MARGARET MINOR (Contralto)
CORRI'S WELSH QUARRYMEN'S BAND
2.0 2.25 (Daventry only) Experimental Transmission of Still Pictures by the Fultograph Process
SIR WALFORD DAVIES
(a) A Beginner's Course
(b) An Intermediate Course with Short Concert
(c) A Short Advanced Course
Conducted by. ARNOLD EAGLE From the Shepherd's Bush
The Rev. J. A. NAIRN , D.Litt.,
'The Classics in Translation—
IV, Translators of the Victorian
'THE FAIRY BUTLER'
(Thatcher and Hogaiih)
Told in Dialogue Form, with Incidental Music by THE OLOF
from the Poems of' RALPH HODGSON by Mr. ROBERT HASLAW i i
MOZART'S PIANOFORTE SONATAS
Played by ANGUS MORRISON
Mr. Stanley Casson, is a Fellow of New College, Oxford, and University Reader in Classical Archaeology. He was also at one time Assistant Director of the British School at Athens and Director of the British archaeological excavations in Constantinople during 1927-8. In his first talk this evening Mr. Casson is to discuss Sparta, that one 'city of ancient Greece that had no walls; whose organization was a supremely militarist democracy; and whose food and education were probably the harshest, that the young of any nation have been called upon to endure. Spartans were the most splendid animals of the ancient world.'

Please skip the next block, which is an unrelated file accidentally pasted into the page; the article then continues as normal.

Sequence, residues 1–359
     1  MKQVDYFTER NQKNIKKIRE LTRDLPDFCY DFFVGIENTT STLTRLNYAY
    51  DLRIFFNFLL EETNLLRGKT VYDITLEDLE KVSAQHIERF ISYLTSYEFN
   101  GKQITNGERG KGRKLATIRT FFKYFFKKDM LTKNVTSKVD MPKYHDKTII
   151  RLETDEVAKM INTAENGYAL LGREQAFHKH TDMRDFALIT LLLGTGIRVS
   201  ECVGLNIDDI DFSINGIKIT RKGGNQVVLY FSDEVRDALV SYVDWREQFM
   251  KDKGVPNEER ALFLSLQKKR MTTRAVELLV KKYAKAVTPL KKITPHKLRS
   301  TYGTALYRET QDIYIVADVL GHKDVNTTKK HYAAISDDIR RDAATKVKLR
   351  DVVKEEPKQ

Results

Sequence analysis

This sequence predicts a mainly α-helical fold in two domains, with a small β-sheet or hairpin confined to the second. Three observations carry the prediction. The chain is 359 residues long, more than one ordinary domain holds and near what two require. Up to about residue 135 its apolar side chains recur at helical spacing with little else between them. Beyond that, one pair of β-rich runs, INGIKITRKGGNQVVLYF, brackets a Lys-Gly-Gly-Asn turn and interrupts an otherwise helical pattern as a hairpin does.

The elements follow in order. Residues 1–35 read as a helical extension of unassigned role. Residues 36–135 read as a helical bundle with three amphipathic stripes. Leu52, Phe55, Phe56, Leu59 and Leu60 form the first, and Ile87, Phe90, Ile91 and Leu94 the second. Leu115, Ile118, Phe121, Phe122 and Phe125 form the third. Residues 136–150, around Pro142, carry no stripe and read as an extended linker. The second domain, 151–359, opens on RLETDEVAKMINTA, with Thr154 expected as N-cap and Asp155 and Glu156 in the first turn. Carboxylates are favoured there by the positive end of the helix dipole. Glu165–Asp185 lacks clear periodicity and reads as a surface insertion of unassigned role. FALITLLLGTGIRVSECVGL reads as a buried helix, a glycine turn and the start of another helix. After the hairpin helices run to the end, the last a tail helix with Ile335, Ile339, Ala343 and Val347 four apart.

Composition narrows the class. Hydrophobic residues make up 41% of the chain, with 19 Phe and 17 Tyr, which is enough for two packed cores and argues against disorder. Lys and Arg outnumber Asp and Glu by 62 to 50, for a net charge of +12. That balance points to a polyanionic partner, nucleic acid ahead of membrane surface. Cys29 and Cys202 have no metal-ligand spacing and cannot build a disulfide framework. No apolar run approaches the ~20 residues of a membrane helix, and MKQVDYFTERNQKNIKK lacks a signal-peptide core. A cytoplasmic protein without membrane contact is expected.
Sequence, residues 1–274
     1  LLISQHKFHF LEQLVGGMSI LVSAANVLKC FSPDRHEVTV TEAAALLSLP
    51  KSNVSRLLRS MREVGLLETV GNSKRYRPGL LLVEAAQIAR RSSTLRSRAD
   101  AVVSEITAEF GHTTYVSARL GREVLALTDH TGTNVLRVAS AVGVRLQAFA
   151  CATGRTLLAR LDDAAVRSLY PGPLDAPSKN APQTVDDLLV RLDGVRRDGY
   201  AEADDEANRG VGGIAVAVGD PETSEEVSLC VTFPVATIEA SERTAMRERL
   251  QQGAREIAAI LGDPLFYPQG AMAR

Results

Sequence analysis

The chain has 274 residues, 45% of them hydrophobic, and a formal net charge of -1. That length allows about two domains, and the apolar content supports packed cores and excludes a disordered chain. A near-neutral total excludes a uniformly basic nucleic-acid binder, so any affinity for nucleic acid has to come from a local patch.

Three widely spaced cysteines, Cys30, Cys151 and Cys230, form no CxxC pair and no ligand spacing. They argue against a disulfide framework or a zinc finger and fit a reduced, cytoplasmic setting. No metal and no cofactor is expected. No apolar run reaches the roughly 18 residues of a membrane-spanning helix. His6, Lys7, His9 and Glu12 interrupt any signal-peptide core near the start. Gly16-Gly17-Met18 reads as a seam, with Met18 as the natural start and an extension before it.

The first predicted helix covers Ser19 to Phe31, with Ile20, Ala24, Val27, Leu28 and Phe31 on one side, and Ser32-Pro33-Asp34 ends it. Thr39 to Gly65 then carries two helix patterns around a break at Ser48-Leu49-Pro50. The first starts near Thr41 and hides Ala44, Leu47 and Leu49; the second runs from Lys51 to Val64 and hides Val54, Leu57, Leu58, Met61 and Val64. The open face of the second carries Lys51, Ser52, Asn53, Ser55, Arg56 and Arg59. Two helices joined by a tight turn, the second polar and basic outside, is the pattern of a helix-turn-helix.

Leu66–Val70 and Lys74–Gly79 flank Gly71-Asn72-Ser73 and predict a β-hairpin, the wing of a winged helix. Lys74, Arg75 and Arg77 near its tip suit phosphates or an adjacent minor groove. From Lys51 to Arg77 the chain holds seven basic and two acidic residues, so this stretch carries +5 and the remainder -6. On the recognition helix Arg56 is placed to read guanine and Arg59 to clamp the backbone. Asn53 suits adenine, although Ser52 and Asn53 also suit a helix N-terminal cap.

8.0 8.30 (Daventry only) Mrs. BARBARA WOOTTON : Some Modern Utopias-I, Bellamy's Looking Backward' fPHIS is the first of a series of six talks to be given by Mrs. Wootton, who is Director of Studies for Tutorial Classes at the University of London. She was principal of Morley Collego for Working Men and Women during 1926-7, and a member of the Departmental Committee on the National Debt and Taxes in 1924. In her scries of six talks she will review Utopias from Bellamy to Wells.
by SUMNER AUSTIN (Baritone) and SOLOMON
IN this country it used to be said of Brahms' songs that they were difficult* and ungrateful to sing, and that ho evidently had ho sympathy with the voice as an instrument of music. It is complete nonsense, as has long ago been realized; it is, indeed, difficult to believe that anyone ever thought it true. Almost more than any other of the great composers, he has drawn on folk music for his songs, some times taking a folk tune and setting it' very simply and eloquently with his own accompaniment, sometimes developing a fragment of folk tuno into a melody of his own, and sometimes inventing melodies so simple and natural that they can easily bo mistaken for folk songs. They range through a very wide field of emotion and expression ; many of the best are love songs.
Only once or twice did he choose .to set narrative ballads; more often he delights in presenting a mood of Nature, the meditations of a. thoughtful spirit in the open air.
A Sea Trip
Mr. ALAN will describe his recent Voyage to
: JAY WHIDDEN'S
BAND from the Carlton Hotol